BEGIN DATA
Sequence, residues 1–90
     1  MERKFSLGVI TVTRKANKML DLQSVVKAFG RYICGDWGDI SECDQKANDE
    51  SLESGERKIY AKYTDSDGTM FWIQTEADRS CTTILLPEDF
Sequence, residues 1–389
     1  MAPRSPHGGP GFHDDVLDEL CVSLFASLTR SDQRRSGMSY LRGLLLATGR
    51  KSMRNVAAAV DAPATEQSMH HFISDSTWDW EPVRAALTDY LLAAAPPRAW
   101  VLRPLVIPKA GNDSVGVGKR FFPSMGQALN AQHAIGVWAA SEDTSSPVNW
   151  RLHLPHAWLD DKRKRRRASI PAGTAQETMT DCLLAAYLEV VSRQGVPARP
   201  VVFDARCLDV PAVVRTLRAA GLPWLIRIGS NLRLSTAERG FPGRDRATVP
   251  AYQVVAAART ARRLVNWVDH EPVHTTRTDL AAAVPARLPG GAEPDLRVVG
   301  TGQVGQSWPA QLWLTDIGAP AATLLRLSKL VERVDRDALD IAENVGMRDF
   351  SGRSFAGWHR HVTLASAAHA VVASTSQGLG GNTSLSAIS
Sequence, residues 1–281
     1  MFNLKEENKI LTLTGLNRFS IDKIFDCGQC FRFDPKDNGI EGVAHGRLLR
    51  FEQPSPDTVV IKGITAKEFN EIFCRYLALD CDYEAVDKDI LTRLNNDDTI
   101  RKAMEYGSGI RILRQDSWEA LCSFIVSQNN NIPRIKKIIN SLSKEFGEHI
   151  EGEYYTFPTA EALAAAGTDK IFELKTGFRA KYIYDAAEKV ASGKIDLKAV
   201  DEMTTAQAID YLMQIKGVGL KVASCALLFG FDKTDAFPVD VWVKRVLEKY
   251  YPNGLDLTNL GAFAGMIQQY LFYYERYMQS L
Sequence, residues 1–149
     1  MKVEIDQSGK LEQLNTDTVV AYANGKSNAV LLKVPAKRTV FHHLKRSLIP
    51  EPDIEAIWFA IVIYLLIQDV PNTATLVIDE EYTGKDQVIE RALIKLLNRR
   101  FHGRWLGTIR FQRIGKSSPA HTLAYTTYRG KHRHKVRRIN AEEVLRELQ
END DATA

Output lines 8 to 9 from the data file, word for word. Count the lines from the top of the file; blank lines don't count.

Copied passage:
   151  RLHLPHAWLD DKRKRRRASI PAGTAQETMT DCLLAAYLEV VSRQGVPARP
   201  VVFDARCLDV PAVVRTLRAA GLPWLIRIGS NLRLSTAERG FPGRDRATVP